When time travel is invented it will be interesting to see which film came close to getting it right.
Looper posits a believable 2044, where economic ruin has left America driving decades-old cars and living in ghetto housing, with the police in the employ of criminal gangs.
Time travel is still 30 years from invention and will be immediately outlawed, leaving entrepreneurial crooks to use it as a way of rubbing out their enemies in a world of Big Brother DNA tagging.
The not-so average Joe (Gordon-Levitt) is an efficient “looper”, reliably disposing of marks sent back for execution and handsomely paid for his services. Being confronted with their future selves is the looper equivalent to a golden handshake and a literal deadline. And letting yourself go free is not an option.
Which puts Joe 2044 in a bind when the definitely not-so average older Joe (Willis) is sent back and busts out, leaving his younger self to close the paradox before the criminal underworld punches his ticket. But, old Joe is on mission of his own to change a terrible future event.
Looper has bags of fun with its premise and literally drags the audience along for the ride.
Johnson presents the most authentic looking “used future” vision since Children Of Men, and shoots the executions in efficiently cool fashion recalling The Godfather or Miller’s Crossing, while using brutal repetition to convey the toll the grisly day job has on Joe.
Just as chilling is a knockout moment when another looper's future self watches in horror as his body swiftly succumbs to decades old torture, reworking the climax to the long-forgotten Dennis Quaid time travel thriller Frequency.
In fact, Looper is so bursting with its own ideas, it is easy to miss how cannily Johnson references other movies.
The paradox of confronting yourself riffs on the equally five star Spanish gem Timecrimes, while Willis’ mission to solve the riddle of the Rainmaker echoes both The Terminator and his own Twelve Monkeys.
A Shanghai sequence reveals the East has fared better in the future than the West, set up in time traveller crime boss Jeff Daniels’ line, “Listen, I’m from the future: go to China”, and a brave second half change of pace takes Joe to an all-American farmhouse, agriculture presumably being the one traditional industry still doing well in future USA.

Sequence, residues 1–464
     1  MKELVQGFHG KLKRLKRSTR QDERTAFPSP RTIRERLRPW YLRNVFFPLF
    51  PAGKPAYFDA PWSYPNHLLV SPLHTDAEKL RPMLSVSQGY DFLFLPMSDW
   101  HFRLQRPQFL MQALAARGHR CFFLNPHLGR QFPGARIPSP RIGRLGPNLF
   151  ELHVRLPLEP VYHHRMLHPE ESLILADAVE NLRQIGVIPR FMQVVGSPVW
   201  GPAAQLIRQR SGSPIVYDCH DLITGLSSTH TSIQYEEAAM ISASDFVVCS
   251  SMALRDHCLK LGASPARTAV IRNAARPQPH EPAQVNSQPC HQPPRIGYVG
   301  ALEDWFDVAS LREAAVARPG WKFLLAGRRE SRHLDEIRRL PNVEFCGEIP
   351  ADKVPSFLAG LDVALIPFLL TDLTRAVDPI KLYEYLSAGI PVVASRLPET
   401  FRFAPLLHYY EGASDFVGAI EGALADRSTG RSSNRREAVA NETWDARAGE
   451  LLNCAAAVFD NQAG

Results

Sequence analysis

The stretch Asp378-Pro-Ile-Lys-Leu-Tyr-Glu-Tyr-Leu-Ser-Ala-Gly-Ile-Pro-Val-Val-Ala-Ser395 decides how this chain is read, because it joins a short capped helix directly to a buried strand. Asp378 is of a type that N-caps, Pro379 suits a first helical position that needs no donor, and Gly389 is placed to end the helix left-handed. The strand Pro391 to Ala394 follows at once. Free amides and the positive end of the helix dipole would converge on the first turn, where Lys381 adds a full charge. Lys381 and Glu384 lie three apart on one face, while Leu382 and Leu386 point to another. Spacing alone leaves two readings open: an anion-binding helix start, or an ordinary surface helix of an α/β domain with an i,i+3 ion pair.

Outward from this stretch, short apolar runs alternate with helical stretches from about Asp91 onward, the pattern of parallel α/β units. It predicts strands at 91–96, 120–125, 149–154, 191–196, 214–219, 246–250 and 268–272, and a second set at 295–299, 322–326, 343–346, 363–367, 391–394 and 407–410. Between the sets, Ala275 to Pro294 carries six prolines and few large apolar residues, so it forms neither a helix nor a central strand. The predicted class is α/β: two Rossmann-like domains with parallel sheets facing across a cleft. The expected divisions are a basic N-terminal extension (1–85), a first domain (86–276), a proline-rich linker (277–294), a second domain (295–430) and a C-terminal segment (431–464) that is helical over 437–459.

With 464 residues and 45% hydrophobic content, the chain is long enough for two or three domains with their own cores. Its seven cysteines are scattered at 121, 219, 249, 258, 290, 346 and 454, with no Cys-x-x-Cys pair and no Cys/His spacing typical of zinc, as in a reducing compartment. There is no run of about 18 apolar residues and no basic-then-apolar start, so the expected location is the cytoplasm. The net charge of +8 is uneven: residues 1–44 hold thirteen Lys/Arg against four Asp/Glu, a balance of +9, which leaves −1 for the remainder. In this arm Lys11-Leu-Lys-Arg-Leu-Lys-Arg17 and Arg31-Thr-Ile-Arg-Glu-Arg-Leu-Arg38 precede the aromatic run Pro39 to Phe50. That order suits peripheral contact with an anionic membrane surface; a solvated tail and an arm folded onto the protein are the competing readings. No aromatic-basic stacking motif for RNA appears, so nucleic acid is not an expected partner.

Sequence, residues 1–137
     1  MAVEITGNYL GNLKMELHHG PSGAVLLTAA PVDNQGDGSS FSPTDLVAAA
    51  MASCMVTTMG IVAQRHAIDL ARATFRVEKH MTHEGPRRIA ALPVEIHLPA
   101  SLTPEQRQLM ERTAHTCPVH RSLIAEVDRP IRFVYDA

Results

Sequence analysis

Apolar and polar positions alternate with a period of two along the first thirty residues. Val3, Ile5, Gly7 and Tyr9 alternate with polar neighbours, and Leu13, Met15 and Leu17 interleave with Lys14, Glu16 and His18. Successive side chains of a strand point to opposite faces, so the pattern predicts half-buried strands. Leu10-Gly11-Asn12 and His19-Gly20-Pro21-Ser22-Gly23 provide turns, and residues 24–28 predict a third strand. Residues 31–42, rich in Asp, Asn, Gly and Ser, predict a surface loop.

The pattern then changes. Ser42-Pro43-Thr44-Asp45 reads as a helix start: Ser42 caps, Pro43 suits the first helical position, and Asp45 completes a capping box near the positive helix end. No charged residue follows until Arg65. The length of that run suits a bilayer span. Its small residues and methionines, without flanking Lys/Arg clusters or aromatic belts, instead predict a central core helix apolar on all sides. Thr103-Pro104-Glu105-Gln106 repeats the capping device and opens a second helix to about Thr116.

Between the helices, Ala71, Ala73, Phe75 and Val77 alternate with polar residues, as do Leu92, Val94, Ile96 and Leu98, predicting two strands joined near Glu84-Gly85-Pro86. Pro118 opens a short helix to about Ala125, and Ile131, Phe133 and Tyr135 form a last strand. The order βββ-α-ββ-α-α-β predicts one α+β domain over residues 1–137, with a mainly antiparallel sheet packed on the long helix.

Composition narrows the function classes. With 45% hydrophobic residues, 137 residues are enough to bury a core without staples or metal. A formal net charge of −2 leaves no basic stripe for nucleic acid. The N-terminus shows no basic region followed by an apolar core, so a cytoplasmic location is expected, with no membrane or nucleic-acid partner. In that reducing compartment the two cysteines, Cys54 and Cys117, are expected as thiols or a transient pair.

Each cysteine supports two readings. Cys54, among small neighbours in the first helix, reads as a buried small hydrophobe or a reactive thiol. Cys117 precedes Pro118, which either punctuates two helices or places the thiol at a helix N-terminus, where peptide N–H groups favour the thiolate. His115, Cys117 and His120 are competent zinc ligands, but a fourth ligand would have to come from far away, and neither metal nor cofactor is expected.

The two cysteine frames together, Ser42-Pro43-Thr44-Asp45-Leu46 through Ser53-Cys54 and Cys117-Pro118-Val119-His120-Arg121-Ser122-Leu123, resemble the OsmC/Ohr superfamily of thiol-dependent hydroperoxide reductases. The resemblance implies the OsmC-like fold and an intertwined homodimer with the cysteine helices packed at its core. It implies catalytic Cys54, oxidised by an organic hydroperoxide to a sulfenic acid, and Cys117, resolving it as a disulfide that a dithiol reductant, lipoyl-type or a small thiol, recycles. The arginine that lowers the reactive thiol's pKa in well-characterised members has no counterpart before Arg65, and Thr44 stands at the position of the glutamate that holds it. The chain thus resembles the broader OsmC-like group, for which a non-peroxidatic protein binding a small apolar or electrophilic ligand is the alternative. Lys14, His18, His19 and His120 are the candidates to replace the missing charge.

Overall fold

This second-half shift places Joe in the farmhouse of Sarah (Emily Blunt) and her young son, moving the focus onto a story of redemption and revenge.
The myriad timelines turn Looper into about three different movies, but all is resolved with a satisfying denouement that harks back to the best film noir, pessimistic narration and all.
All of which gives the cast meaty moral dilemmas to chew on, including one so shocking that you wonder how Johnson will use time travel to undo it and then be agape at his choices.
Along the way Johnson permits himself Matrix-y gunfights and Bourne-y chases, suggesting a future franchise gig if he so wishes. And with the explosive climax centered on an “enhanced ability” youngster, that franchise could be the long-delayed live-action version of Akira. Unfortunately, we have no time machine to see if we’re correct.
Gordon-Levitt proves himself the most likeable actor currently working, mustering effortless charisma despite subtle nose and mouth work to bring his face closer to Willis’, while said Bruce adds another brave choice to a surprisingly diverse CV.
A standout scene has the two Joes in a diner complaining how time travel is messing with their minds (literally clouding memories in the case of old Joe) and Johnson neatly answers the question “would the universe end if you came into contact with yourself” by having old Joe sock young Joe in the jaw.
You don’t need a time machine to see the future’s bright for this sci-fi belter.